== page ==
First Listen: tUnE-yArDs, 'w h o k i l l'
"Ladies and gentlemen, Merrill is performing at the..." That's as much introduction as we're given before Merrill Garbus herself yanks away the microphone and starts the show. The second album by tUnE-yArDs is defined from its opening seconds by false starts, sudden stops and quick changes worthy of the typographic jumble that is the band's name. As the woman at the center of the madness, Garbus seems to delight in the uncertainty of it all, keeping us in the dark just long enough that when she finally showers us with light, we jump a little in our seats.
The new record, w h o k i l l, is just as maddening to type out as its predecessor, BiRd-BrAiNs, but sonically it's a big change for Garbus. Her 2009 debut was recorded when tUnE-yArDs was nothing but her and her toys — a ukulele, a smattering of percussion and her own birdlike vocals, which she looped and layered together with a hand-held voice recorder and a lot of resourcefulness.
For w h o k i l l, Garbus took the party to a studio and brought friends, a decision she reportedly agonized over. No need to worry: The instrumentation remains spare and the vision is still Garbus' own. But with a wider dynamic range to play around in and some bass and saxophone to hold down the low end, she's loosened her grip a bit, and the result is music that sounds alive and animated — maybe even self-aware.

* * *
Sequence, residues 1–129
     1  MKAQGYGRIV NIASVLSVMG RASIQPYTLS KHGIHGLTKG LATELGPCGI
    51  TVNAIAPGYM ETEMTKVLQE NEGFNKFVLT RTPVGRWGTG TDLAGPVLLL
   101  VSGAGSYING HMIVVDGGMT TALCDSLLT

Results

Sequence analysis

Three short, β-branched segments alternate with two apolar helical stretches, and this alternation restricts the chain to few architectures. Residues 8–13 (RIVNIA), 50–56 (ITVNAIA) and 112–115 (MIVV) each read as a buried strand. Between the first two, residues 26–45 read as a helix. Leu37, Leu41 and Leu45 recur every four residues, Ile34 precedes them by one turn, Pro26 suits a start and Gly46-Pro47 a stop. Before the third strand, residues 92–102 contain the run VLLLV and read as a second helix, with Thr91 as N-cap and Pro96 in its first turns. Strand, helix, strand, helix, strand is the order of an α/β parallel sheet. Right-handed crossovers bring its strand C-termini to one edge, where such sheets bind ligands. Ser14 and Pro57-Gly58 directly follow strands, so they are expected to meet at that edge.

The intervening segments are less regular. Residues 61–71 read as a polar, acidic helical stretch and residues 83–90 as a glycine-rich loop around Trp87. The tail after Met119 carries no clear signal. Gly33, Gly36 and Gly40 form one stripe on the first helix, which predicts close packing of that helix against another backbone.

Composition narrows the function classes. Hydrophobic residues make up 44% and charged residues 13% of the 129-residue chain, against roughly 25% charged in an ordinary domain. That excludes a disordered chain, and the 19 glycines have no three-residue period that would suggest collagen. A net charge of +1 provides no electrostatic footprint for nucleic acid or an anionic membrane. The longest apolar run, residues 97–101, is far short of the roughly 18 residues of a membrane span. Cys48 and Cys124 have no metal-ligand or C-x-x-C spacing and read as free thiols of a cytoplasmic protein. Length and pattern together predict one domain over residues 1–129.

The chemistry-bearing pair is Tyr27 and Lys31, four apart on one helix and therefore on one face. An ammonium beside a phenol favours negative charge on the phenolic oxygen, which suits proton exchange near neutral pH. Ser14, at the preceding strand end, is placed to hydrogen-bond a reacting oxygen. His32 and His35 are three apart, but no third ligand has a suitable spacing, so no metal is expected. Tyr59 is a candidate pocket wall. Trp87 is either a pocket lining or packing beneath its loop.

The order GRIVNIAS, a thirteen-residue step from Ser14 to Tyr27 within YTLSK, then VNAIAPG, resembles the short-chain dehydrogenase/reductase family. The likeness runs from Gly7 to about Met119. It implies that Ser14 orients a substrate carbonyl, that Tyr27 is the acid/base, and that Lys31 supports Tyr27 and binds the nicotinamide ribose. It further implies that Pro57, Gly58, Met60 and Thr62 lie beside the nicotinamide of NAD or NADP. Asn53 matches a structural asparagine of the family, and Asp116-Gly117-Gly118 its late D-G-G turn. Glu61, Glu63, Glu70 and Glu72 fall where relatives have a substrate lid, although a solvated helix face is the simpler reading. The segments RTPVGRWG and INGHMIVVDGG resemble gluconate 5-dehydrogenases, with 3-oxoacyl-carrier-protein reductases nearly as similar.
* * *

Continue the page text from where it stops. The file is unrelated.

Nowhere is this feeling more dramatic than in the standout track "Gangsta," in which voices leap, mid-syllable, from one stereo channel to the other and piercing peaks of treble morph suddenly into pulsing troughs of bass. The song collapses into chaos halfway through and then reassembles itself, piece by piece. Each clattering drumbeat, each raw horn blast, each yelp and wail and hiccup of Garbus' elastic voice seems to have a mind of its own.
tUnE-yArDs opened with "Gangsta" for its performance at NPR Music's SXSW showcase at The Parish back in March. Listen closely to the archive of that show and you can make out an audience member shouting, "Wow!" when the drums kick in. No argument there. Copyright 2011 National Public Radio. To see more, visit http://www.npr.org/.